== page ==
“We are very worried. The staggering number of deaths in Brazil in just a few months is our greatest concern, ”virologist and researcher Humberto Debat, National Institute of Agricultural Technology, told Al Jazeera.

Bolsonaro’s catastrophic response

Brazilian President Jair Bolsonaro is increasingly accused of undermining the severity of the virus.

Even in the darkest hour of the pandemic, far-right leader continues to ignore calls from health officials for a nationwide lockdown, attacks use of masks, ignores science, peddles unproven cures and told Brazilians this week: “There is no point in crying over spilled milk,” referring to the skyrocketing death toll in Brazil.

“Unfortunately, we have a denialist president who refuses to follow science and encourages the public to follow,” said Ethel Maciel, professor at the Federal University of São Paulo.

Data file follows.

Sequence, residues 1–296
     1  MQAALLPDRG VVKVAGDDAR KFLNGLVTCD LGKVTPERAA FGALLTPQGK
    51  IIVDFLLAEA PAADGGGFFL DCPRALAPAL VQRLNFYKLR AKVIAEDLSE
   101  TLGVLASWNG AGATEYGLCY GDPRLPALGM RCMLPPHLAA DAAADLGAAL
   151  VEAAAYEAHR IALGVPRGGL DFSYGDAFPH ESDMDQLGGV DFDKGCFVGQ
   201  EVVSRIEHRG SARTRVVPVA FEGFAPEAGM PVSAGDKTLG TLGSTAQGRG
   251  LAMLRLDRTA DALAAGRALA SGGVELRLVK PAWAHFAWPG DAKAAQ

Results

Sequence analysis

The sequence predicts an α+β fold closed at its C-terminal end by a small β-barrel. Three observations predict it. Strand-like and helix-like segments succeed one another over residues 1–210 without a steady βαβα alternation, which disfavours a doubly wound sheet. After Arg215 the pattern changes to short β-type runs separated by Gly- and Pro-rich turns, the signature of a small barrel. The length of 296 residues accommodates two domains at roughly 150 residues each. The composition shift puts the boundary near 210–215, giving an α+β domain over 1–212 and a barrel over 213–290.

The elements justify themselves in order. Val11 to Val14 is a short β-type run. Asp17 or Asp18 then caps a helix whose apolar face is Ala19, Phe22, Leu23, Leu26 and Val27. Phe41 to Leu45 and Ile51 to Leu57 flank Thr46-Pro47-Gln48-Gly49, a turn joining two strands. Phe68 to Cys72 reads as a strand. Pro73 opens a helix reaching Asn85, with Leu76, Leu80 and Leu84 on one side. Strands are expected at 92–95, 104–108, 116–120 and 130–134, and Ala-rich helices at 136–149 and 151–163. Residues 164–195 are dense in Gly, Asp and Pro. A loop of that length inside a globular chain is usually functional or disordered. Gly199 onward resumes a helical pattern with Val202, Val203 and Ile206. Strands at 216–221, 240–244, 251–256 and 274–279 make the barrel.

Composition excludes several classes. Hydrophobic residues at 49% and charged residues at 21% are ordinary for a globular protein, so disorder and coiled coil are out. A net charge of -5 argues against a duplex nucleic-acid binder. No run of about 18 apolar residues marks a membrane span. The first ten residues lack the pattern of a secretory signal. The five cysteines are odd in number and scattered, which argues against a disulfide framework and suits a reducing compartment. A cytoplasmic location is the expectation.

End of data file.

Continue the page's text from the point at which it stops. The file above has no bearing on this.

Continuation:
No social distancing

Experts said the lack of social distancing measures created the perfect environment for the variants to mutate.

Since June 2020, infections and deaths in Brazil have stagnated at a constant plateau of around 1,000 deaths per day, leading many to believe the worst is over. For months, Brazilians commuted on crowded public transport and filled its beaches, bars and nightclubs.

People wait to board a train at Luz station in São Paulo, Brazil, April 6, 2021 [Amanda Perobelli/Reuters]